Monday 29 October 2012

Maigret and French trains

Too tired to lay any mosaic tiles tonight. So instead here are some photographs from a website devoted to the role played by trains in the Maigret novels by Georges Simenon.  I've mentioned in previous blogs how I want to have that Maigret atmosphere permeating my model layout. I presume these photographs are "stills" from the several TV films made of the novels.

Last night's dinner:

Last night we were invited to our niece's apartment where she and her boyfriend had prepared a great meal for us and my sister and brother-in-law. It's a very cosy abode with lots of little lights and candles all over the place and views over a really vibrant part of Glasgow's West End.

A fish pie of prawns, haddock and crab meat mixed into mashed potato and watercress plus broccoli. Absolutely terrific - really well cooked. Washed down with ginger beer.

Categorising people:

A few blogs ago I mentioned that there was a psychological theory that personality could be usefully categorised in terms of whether someone was a thrill-seeker or not.

Completely independently of this discussion, a Spanish chap I play squash with each week on hearing about my wife's recent helicopter excursion said that he thought it to have been a waste of money. He believed that people could be categorised into those who are willing to pay to have experiences (whether thrill-seeking or not) and those, like him, who preferred to use money to buy 'things' that, unlike 'experiences', lasted. Even the memory of an experience was not enough to justify spending money on it. He also said that he knew that he was "wrong" to think like this.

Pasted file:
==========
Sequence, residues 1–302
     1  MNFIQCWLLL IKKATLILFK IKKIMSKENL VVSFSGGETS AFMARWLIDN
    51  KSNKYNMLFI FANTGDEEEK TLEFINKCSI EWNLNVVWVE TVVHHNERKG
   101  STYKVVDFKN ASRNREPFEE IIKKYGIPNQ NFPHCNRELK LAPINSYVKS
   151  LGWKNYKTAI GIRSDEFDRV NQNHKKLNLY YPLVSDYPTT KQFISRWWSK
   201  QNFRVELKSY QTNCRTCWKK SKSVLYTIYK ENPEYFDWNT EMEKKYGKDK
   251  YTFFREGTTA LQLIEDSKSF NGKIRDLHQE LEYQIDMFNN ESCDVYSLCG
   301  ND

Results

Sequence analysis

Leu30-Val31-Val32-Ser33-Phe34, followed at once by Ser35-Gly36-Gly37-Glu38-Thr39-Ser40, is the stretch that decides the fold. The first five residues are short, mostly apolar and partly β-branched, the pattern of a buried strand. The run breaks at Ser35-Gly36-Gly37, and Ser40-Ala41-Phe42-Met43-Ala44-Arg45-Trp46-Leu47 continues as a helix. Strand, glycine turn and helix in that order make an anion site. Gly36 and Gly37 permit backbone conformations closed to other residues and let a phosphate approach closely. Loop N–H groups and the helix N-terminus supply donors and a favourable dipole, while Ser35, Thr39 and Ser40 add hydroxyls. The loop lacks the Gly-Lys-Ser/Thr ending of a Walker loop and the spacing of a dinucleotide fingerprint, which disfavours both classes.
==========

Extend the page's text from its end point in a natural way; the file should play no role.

Hot Chip

Have hummed and hawed about downloading another Hot Chip album from iTunes.

Listened to clips from "Made in the Dark" and liked them. Also read numerous reviews of the album on the iTunes website and was staggered by the breadth of opinion. Some hated the album and thought it to be derivative rubbish: others thought it to be magnificent.

Downloaded it anyway.

Tango practice:

Was looking at some youTube videos of beginners' Tango exercises and one in particular interested me.

It was saying that to keep one's balance while stepping forwards in the essential Tango fashion ie with legs close together, one should move one's shoulders in sympathy.

Or perhaps 'un-sympathy' would be a better term since the movement is completely counter-intuitive.

Basically, as one's left leg steps forward one's right shoulder rotates forwards; and vice versa. I practised this today in a short corridor in the office whilst nobody was about - as I say, counter-intuitive.

Haven't noticed anyone doing this at the class.

I will persist. (Not sure what the woman's shoulders do while this is going on!)


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